Christmas “kissing” plant is transforming cancer treatment in Europe

Back in the 1960s and ‘70s, my father worked on the Apollo moon landings. Towards the end of that time, I served as a cadet at the U.S. Air Force Academy in Colorado Springs. Then, as a new grad student, I worked on analytical chemistry, developing instruments used by NASA for the Skylab and Space Shuttle programs for their “exobiology” program searching for extraterrestrial life in the solar system.

We used to joke that NASA was the only agency in the federal government to show any signs of “intelligent life in the universe.” That whole experience actually reminded me of another joke we used to tell during this time of year:

Q: If athletes get athlete’s foot, what do astronauts get?

A: Mistle-toe.

But mistletoe is no joke. In fact, it’s already helping to transform the way many clinics in Europe treat cancer.

Ancient, blooming plant heals all

More than 2,000 years ago, the Celts and Druids in Britain called mistletoe an “all healer.” They believed it had magical powers to heal the body because it stayed green in the middle of winter.

Over the next two millennia, Europeans used mistletoe to treat a variety of acute and chronic health conditions, such as headaches and arthritis.

Then, in 1916, Rudolf Steiner, Ph.D. (1861-1925) began to research mistletoe for the treatment of cancer. At the time, most scientists still considered it just a folk remedy. However, Dr. Steiner believed it possessed unique and powerful biologic properties.

Specifically, he believed that a functional mechanism, which he called “higher organizing forces,” controlled the body’s cell growth and formed tissues and organs in an orderly fashion. He believed another mechanism, which he called “lower organizing forces,” resulted in disorderly cell growth and out-of-control multiplication. And the balance between these two forces determined one’s susceptibility to cancer. A serious imbalance, Dr. Steiner thought, resulted in cancer.

Dr. Steiner also theorized that mistletoe’s liquid extract could help reestablish the balance between these forces and potentially thwart cancerous tumors.

As it turns out, Dr. Steiner was onto something…

More modern research supports Dr. Steiner’s work

Today, mistletoe injections are among the most widely used alternative cancer treatments in the world. And more modern research suggests that chemicals in mistletoe extract block cancer growth and kill cancer cells directly.

Mistletoe also appears to support the body’s immune system. And it may even improve the well-being and survival rates of patients with cancers of the breast, cervix, colon, lung, ovary, and stomach.

Unfortunately, mistletoe injections aren’t FDA-approved. Which means you can’t get them in the U.S., except through current clinical trials.

But the initial reports are very promising. In fact, a new review of trials from October 2018 shows mistletoe therapy is safe for children.

In addition, many medical clinics in Switzerland, the Netherlands, Great Britain, and Germany do already offer mistletoe injections. In fact, many of these clinics have operated since the 1920s, when Dr. Steiner’s work first became public.

Iscador® is the trade name of the most commonly available mistletoe extract. It’s made from a European species of mistletoe, which differs slightly from the North American species. And it’s been used to treat tens of thousands of patients worldwide.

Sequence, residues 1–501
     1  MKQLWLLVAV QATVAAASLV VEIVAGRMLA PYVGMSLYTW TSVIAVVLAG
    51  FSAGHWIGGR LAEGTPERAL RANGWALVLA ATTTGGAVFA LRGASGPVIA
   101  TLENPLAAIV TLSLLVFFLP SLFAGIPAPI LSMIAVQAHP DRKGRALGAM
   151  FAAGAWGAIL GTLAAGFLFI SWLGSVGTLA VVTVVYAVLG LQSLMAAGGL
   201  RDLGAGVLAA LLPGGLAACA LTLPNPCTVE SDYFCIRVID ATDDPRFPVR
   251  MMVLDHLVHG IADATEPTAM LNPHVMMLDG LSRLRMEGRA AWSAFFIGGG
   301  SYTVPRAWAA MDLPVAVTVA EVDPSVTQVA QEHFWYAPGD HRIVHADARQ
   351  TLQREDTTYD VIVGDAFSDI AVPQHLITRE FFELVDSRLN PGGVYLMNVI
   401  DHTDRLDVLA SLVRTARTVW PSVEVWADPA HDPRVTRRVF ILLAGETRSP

In fact, as you may recall, in 2001, Three’s Company actress (“Chrissy”) Suzanne Somers famously used Iscador® instead of chemotherapy to help cure her breast cancer. Of course, proponents say it works best when patients receive it early in the course of the disease.

Finally, some truly personalized treatment plans

As is the case with many alternative therapies, Iscador® injections are often given alongside several “holistic” therapies.

As Dr. Steiner pointed out, these therapies work together to strengthen your “higher organizing forces.” In modern terms, these therapies can also help enhance your body’s natural cancer-fighting abilities, and in theory, help transform cancer cells back to normal.

Of course, many of the European clinics can also deliver Iscador® injections alongside conventional therapies, such as chemotherapy or surgery. (Patients typically receive them prior to surgery or following chemotherapy and/or radiation.)

Although most mainstream oncologists here in the U.S. don’t consider Iscador® a cure, it may help improve the quality of life for patients with terminal cancer.

I’ve also learned that some forward-thinking practitioners in the U.S. and Canada are willing to prescribe Iscador® to patients. You can find local providers in your area by using the search tool on the Iscador® website.  You can also try the non-profit organization, Believe Big, which fights to bridge the gap between conventional and complementary medicine regarding cancer treatment.

If you or someone you know might be a candidate, consult with your physician.

Fortunately, there are dozens of other safe, natural, and effective alternatives for preventing, detecting, AND treating cancer. And I’ve outlined them all in detail in my groundbreaking online learning tool, my Authentic Anti-Cancer Protocol. You can learn more about this protocol, or enroll in the course today, simply by clicking here.


“Mistletoe therapy in oncology,” Cochrane Database Syst Rev. 2008 Apr 16;(2):CD003297

“Mistletoe viscotoxins increase natural killer cell-mediated cytotoxicity.” Eur J Biochem. 2002; 269(10): 2,591-2,600

“Safety of high-dose intravenous mistletoe therapy in pediatric cancer patients: A case series,” Complementary Therapies in Medicine October 2018; 40: 198-202